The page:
Damaged Preference Files - How To
David Anders,The Computer Guy, a freelance systems engineer in Seattle, WA.
Resolves computer problems, assists with production issues, designs and installs networks.

The Basics

. Most applications and system components have a Preference File stored in System Folder: Preferences. This is the file that contains information on the custom settings available in the program or Control Panel.

. Because they are written to, or changed more often, the Preference Files have a higher incidence of corruption than most files. The damage, although crash-generating, can be subtle and difficult to diagnose.

The Rules

. Almost all Preference Files will be recreated to the original default. This means that the entire Preferences Folder can be removed from the System Folder to diagnose a possible problem. The Preferences Folder will be recreated and most System components and programs will recreate the preferences as needed.

. Some older programs will not startup without a Preference File that is created at installation time.


. Corrupt System Preference Files can cause random or repeatable errors, bombs or freezes.

. Corrupt Application Preference Files can cause random OR repeatable errors, bombs or freezes within the affected application or system-wide.

Common Problem Preferences

. Finder preferences, Apple Menu Options preferences, LaserWriter 8 prefs, Appleshare Prep, File Sharing Folder, Users and Groups, and PC Exchange prefs.

Finding the Damaged File

. Disinfectant v3.71 (ftp://ftp.acns.nwu.edu/pub/disinfectant/ &endash; or online services) (free) is a virus protection utility that might find damaged Preference Files. NOTE: Disinfectant is no longer being updated.

. Other virus utilities may find the damaged file.

  • . Disk First Aid v8.2 and later can sometimes repair problems that affect files.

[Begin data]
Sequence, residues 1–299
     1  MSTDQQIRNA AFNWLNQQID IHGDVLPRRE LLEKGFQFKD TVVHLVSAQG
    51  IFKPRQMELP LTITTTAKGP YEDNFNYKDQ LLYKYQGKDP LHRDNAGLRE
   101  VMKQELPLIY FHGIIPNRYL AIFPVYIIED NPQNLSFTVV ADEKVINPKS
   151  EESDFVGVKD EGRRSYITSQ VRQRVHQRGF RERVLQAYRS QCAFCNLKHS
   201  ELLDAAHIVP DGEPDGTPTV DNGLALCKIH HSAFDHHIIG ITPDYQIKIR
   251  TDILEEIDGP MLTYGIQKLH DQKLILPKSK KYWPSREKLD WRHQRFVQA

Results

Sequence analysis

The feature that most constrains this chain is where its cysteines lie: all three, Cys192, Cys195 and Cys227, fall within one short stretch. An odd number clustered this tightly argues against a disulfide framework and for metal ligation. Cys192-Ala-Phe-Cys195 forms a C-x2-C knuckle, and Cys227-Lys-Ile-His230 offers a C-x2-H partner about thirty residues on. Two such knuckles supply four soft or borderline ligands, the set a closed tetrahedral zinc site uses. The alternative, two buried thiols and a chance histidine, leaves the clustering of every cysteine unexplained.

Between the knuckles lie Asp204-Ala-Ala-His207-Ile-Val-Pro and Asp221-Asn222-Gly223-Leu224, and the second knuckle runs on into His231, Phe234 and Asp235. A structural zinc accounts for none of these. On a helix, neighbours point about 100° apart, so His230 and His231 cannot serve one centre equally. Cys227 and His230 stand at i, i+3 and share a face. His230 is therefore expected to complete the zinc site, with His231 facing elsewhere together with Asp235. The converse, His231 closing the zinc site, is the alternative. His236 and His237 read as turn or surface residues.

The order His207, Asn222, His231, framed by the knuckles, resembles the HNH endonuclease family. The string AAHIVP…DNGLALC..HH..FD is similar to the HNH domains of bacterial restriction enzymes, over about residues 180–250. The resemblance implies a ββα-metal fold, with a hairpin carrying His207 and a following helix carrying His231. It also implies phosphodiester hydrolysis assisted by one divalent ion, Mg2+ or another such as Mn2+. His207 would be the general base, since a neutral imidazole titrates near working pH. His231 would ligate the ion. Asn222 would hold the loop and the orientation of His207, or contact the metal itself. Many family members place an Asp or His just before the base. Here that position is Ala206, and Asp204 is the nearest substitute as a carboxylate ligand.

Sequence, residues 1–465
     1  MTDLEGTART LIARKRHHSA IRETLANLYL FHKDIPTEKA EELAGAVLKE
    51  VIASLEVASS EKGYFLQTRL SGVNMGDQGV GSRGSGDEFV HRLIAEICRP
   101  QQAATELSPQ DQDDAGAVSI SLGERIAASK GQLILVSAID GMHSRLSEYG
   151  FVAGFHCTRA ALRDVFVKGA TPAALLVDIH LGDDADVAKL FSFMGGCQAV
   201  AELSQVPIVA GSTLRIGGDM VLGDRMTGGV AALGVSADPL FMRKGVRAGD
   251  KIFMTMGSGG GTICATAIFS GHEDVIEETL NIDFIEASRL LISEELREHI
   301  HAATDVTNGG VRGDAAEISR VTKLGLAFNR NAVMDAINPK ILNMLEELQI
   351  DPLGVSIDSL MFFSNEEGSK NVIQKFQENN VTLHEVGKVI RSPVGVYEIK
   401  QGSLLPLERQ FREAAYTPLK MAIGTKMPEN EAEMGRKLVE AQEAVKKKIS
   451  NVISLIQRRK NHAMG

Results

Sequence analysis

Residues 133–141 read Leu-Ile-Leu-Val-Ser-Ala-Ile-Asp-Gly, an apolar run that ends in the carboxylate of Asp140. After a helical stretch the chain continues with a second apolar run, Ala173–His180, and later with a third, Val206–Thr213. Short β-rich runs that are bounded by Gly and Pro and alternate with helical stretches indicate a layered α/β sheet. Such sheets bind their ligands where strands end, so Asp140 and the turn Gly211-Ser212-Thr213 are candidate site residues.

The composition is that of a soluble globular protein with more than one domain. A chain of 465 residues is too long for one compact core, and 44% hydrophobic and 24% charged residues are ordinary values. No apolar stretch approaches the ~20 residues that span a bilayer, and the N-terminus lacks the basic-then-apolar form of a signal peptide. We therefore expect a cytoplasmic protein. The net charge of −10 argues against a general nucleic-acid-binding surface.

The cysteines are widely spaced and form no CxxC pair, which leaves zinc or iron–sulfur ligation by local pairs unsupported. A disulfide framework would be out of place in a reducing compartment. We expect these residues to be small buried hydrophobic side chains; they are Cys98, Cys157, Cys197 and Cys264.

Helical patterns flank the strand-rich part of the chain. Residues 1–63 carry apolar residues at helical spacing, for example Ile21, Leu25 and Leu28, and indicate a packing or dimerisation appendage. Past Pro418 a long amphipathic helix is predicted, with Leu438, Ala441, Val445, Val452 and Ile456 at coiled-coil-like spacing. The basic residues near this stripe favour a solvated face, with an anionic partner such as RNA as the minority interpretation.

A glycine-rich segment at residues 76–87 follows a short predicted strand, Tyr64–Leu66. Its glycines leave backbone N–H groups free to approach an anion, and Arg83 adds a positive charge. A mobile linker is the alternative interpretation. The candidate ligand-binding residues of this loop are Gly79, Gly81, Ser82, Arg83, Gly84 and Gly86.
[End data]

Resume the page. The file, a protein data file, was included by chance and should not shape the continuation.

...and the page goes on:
• . Norton Disk Doctor v4.1 (www.symantec.com) ($79.95) occasionally will find damaged Preference Files.
  • . Conflict Catcher v8.03 (Casady & Greene) ($49.95) has a routine to test System Components and preferences.
  • . TechTool v1.18 (www.micromat.com) (free) checks System Components, but not preference files.
  • . TechTool Pro v2.11 (www.micromat.com) ($149.95) may be able to find damage.
  • . MacMedic and Help! from Total Recall (www.recallusa.com) ($149.95) can find damaged files.

When it's not a damaged Preference File

  • . Allocate more memory to the problem application.
  • . Allocate more memory to your System, using Conflict Catcher or one of the freeware/shareware utilities.
  • . Look for an extensions conflict.
  • . Replace the System File with a clean copy. NOTE: if any of the applications, utilities or hardware drivers you have installed (since the last clean system install ) made changes or additions to the System File, you will need to reinstall them.
  • . Replace the Finder with a clean copy. Delete the Finder Preferences to be safe.

Additional NOTES

. Having a stuffed (using Stuffit Deluxe) copy of your System Folder, or just specific components like the . Preferences Folder on your harddrive, makes the task of replacement easy. Just unstuff the System Folder or the Preferences Folder copy, move the current version into a different folder and place the unstuffed copies into the System Folder. Restart the computer.

. If you change the defaults of a program, once you get the preferences set, make a backup copy of that preference file. Replacing a damaged file will not require setting up the program to your liking over again.

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